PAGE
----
Mark Winkler has been a West Coast fixture for the past thirty years, releasing eleven recordings and composing dozens of songs recorded by himself and the likes of Liza Minnelli, Randy Crawford, David Basse, Jackie Ryan and Dianne Reeves. Winkler's most recent recording, The Laura Nyro Project (Cafe Pacific Records, 2013) was well received in critical corners. Together, the pair have rekindled the fire of cool circa the Eisenhower '50s, when the songwriting was exceptionally smart and stylistically razor sharp, martinis were cold and cigarettes filterless.
Some very sharp programming is employed in pairing songs in audio diptychs. The recording opens with a mash up of Paul Desmond's and Iola Brubeck's "Take 5" and Winkler's wonderfully off-kilter "Drinks On The Patio." The piece(s) are introduced with a straight salvo from pianist Rich Eames
and tenor saxophonist Bob Sheppard. Then the groove changes decidedly into the 5/4 time made famous by Dave Brubeck and his quartet in 1959. The piece transforms into Winkler's aural photograph of hipsters listening to jazz while mixing martinis, smooth ones if we judge by the precise admixture of Bentyne's and Winkler's pipes.
This same programming intelligence brought together "Talk Of The Town" and "Girl Talk" from the respective Bentyne and Winkler songbooks: drawing from Bentyne's Talk Of the Town (Telarc, 2003) and Winkler's Sings Bobby Troup (Rhombus Records, 2003). Bentyne displays her exquisite treatment of ballads juxtaposed against Winkler's perfect presentation of 1950s too cool. The two are sexy beyond belief.
The vocal pair demonstrate their potent vocal styles on the Nat King Cole medley of "Route 66/Alright, Okay, You Win/Straighten Up And Fly Right." Bentyne and Winkler weave these three classics together into a finely wrought cloth. Bentyne's smooth, perfectly balanced soprano mixes with Winkler's friendly, approachable and playful voice like cream stirs into coffee, rich and aromatic. The two skillfully slide song lyrics over one another, juxtaposing melodies until the music is ataxic with the shared joy of being sung by these voices. The duet highlight of the collection is the semi-original "West Coast Cool." Winkler shows off his lyrical wares by penning words to Neal Hefti's classic "Lil' Darlin.'" The pair pay homage to a who's who of West Coast Jazzers while their accompanying quartet lay down the Hefti silk beneath their words.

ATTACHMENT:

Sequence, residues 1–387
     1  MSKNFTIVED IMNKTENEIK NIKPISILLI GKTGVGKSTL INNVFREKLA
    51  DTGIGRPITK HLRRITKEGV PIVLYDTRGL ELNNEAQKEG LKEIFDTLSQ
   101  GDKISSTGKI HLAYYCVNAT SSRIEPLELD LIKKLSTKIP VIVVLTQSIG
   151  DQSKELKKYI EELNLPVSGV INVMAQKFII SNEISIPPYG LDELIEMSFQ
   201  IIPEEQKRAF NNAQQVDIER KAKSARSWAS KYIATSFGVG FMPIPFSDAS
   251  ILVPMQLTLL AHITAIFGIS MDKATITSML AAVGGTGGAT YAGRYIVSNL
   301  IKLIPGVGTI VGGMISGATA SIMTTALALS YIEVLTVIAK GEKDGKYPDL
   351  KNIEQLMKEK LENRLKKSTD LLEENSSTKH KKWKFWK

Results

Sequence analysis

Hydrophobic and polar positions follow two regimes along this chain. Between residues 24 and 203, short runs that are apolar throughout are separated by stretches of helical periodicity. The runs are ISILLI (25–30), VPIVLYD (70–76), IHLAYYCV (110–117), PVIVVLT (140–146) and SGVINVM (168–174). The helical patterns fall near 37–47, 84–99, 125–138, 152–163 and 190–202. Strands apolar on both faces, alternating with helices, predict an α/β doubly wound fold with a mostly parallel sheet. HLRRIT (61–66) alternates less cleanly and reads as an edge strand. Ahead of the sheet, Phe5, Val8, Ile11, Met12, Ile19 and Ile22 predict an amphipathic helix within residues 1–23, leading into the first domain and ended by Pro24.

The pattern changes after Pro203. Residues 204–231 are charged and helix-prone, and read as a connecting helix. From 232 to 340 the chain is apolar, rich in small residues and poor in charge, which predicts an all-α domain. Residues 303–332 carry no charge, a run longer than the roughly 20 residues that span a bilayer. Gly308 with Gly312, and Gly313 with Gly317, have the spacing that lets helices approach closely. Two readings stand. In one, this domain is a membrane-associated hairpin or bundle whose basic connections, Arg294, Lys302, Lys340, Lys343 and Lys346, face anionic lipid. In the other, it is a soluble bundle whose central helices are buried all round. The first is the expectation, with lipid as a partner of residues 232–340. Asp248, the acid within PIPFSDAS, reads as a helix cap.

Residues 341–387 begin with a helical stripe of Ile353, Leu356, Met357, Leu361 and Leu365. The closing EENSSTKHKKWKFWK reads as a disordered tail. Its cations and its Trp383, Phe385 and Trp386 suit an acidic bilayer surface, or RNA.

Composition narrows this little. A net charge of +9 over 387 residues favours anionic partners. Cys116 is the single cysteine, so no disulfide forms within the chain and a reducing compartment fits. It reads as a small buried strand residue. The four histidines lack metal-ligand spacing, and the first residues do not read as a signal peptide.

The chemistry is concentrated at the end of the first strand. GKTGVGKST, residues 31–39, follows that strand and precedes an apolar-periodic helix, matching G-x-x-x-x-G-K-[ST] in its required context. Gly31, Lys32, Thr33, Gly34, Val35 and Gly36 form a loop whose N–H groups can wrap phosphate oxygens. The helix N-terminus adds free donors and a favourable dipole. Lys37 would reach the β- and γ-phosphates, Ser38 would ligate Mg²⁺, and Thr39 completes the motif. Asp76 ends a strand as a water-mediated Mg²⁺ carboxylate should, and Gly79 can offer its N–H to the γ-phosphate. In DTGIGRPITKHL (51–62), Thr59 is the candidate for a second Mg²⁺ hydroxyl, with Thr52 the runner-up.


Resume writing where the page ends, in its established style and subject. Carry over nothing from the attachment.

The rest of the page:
Each singer also gets solo space. Bentyne purrs on the infrequently heard "An Occasional Man" where she dances with Sheppard's slippery tenor. Bentyne brings together "All About Ronnie" and "Trouble With A Man" in a jaded lament of love lost, while drawing the sensual humidity from Horace Silver's "Senor Blues." Winkler recalls two more Troup pieces in "Lemon Twist" and "Hungry Man." He updates these pieces with his trademark user-friendly delivery, sense of humor, and exemplary musicianship. Pianist Jon Mayer kills on "Hungry Man" while organist Joel Bragg and guitarist Anthony Wilson lay out an organ jazz red carpet.
West Coast Cool is artistry that is beyond words. Wow. Just Wow.
Track Listing: 
Take 5/Drinks On The Patio; The Occasional Man; Let’s Get Lost; Talk Of The Town/Girl Talk; West Coast Cool; Something Cool; Route 66/Alright, Okay, You Win/Straighten Up And Fly Right; Senor Blues; Lemon Twist; This Could Be The Start Of Something Big; Hungry Man; All About Ronnie/Trouble Is A Man; In A Lonely Place; Cool.
Cheryl Bentyne: vocals; Mark Winkler: vocals; Rich Eames: piano (1, 2, 4-8, 10); Tim Emmons: bass (1, 2, 4-8, 10); Dave Tull: drums (1, 2, 4- 8, 10); Bob Sheppard: saxophones, flute (1, 2, 4-8, 10, 11); Nolan Shahead: trumpet (3); Anthony Wilson: guitar (9); Joe Bragg: Hammond B3 organ (9); Mark Ferber: drums (9); John Mayer: piano (11); Kevin Axt: bass (11); Ron McCurdy: drums (11); Eli Brueggeman: piano: (14); George Koller: bass (14); Mark Kelso: drums (14). 

Tina May

By Dave Gelly, The Observer
"Tina May waited a long time to record this collection of songs associated with great female singers of the last century - Billie Holiday, Sarah Vaughan, Lotte Lenya, Edith Piaf et al - but it was worth it. Not only has her own singing matured, she has found the perfect arranger for the job in Frank Griffiths. To each of these dozen pieces she succeeds in imparting a delicate flavour of the original while remaining her inimitable self. Her version of Peggy Lee's Why Don't You Do Right? is particularly good, aided by Griffiths's beautifully poised clarinet."
Track list:
1. Why Don't You Do Right; 2. There's A Lull In My Life; 3. Forgetful
4. Can't Get Out Of This Mood; 5. When The World WAs Young
6. Where You At; 7. Surabaya Johnny; 8. Baltimore Oriole; 9. Let's Get Lost
10. You Don't Know What Love Is; 11. All Through The Night
Tina May - vocals; Winston Clifford - vocals; John Pearce - piano
Dave Cliff - guitar; Freddie Gavita - trumpet; Adrian Fry - trombone
Frank Griffith - tenor sax, clarinet; Bob Martin - alto saxophone
Andy Cleyndert - double bass; Bobby Worth - drums